Marriage. Since the acceptance of Christianity in the nineteenth century all marriage has been monogamous. In the past polygamy was theoretically allowed, but in practice it was only possible for those of outstanding rank or strength. Trial marriage has long been common. Arranged marriages no longer occur. Separation and divorce are relatively Common, as is common-law marriage. Postmarital residence is neolocal as a matter of preference, but for convenience couples often reside with either set of parents-in-law until separate housing can be arranged.
Domestic Unit. The 1986 census showed an average of just under five persons per dwelling. The nuclear family is the preferred unit, but many children stay with relatives for higher schooling or as a result of illegitimacy or broken Marriages. Grandparents usually like to have one grandchild live with them. These and other causes, including work transfers, lead to many short-term domestic arrangements.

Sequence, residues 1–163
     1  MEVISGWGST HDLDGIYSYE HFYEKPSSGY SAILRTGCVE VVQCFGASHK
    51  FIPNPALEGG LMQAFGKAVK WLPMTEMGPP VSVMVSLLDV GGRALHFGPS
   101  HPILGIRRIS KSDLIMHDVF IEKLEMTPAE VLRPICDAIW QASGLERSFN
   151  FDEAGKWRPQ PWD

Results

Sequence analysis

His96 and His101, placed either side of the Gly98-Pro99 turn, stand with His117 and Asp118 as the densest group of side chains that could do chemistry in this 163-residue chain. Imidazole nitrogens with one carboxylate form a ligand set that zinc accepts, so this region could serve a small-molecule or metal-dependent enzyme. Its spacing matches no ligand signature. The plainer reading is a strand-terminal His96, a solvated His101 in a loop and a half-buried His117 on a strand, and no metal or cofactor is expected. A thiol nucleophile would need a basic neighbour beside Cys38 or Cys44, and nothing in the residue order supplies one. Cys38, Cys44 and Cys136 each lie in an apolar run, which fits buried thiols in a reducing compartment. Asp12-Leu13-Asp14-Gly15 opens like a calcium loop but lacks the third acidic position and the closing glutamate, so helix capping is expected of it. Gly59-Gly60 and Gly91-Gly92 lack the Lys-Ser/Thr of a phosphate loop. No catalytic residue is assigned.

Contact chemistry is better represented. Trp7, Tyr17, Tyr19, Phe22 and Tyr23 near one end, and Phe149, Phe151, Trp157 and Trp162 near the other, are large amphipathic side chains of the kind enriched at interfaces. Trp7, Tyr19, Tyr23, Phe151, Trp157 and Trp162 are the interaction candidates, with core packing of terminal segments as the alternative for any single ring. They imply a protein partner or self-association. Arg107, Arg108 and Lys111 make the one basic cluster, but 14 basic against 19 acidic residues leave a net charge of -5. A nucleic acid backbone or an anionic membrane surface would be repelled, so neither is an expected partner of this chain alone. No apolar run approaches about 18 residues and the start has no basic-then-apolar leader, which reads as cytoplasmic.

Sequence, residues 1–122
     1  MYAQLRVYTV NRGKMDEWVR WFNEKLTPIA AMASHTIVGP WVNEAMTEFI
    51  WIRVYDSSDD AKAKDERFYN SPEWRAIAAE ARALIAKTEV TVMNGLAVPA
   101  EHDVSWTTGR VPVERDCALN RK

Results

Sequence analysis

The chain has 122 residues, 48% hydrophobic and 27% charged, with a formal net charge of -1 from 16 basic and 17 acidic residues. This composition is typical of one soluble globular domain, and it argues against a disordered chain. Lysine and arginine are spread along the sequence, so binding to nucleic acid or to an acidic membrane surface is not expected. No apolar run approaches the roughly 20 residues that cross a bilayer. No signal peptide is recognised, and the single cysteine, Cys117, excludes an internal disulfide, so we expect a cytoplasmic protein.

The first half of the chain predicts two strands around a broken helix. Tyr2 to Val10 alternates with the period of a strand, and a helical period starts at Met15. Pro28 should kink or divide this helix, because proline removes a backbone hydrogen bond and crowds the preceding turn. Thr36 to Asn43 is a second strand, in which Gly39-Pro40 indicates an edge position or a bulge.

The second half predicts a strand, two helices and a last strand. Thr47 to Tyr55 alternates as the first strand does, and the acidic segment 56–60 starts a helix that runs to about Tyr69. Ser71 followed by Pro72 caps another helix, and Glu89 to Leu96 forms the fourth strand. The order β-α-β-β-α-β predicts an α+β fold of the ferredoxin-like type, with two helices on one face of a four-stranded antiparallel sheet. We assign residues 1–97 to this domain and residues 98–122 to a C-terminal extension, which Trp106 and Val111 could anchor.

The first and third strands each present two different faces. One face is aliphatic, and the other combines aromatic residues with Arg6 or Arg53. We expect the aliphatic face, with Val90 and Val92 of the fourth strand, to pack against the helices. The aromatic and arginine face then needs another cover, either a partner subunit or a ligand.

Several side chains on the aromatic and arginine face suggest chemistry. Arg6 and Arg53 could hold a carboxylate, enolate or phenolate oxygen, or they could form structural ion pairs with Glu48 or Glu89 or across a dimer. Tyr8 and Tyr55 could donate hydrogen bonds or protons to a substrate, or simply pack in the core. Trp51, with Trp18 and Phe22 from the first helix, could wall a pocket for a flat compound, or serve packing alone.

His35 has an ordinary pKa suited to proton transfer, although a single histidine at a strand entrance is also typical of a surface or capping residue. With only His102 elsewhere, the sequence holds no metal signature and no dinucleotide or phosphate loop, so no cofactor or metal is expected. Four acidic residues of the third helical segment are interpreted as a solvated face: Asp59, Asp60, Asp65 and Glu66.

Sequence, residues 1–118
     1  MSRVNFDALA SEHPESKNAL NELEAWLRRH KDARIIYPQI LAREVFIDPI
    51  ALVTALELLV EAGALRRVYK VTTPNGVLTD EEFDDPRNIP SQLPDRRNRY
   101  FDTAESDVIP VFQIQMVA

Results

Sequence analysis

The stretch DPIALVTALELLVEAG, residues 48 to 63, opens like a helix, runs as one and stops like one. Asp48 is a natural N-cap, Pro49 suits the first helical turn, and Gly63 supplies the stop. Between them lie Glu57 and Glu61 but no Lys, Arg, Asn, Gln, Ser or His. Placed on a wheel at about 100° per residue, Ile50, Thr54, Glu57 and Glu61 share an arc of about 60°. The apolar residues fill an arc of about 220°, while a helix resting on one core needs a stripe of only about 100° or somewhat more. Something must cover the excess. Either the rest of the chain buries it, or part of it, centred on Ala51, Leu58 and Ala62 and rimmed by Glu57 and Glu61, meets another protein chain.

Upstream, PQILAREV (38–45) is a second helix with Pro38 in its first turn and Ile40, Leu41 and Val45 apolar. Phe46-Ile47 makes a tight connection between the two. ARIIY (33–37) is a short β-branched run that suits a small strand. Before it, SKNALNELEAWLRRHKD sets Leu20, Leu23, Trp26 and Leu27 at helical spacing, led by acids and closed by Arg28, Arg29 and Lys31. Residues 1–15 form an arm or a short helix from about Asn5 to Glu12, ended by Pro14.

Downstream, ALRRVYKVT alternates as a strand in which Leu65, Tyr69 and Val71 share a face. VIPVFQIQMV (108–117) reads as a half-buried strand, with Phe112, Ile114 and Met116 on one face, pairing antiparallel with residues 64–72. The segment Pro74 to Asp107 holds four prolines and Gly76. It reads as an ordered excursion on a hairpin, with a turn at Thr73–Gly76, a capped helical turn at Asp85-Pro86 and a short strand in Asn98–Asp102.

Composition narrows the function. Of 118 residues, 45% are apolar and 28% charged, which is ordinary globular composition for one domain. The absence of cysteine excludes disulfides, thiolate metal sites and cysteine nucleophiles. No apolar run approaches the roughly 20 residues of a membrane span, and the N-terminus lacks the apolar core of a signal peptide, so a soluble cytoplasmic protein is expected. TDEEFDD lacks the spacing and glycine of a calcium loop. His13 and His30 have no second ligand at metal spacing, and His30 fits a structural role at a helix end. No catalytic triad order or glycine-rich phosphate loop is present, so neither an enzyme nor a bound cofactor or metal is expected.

Inheritance. Landownership rights are distributed equally among descendants, but leases and occupation rights are generally allocated to individuals on the basis of occupation, need, or personal preference. Other property is ideally shared equally among the children, but this is not practicable with consumer goods such as automobiles and refrigerators, which are allocated to individuals.
Socialization. Children are raised by the older members of the household they are in at the time. Infants are treated with great indulgence. Respect for others is highly valued. Christian teachings constitute a significant element of training.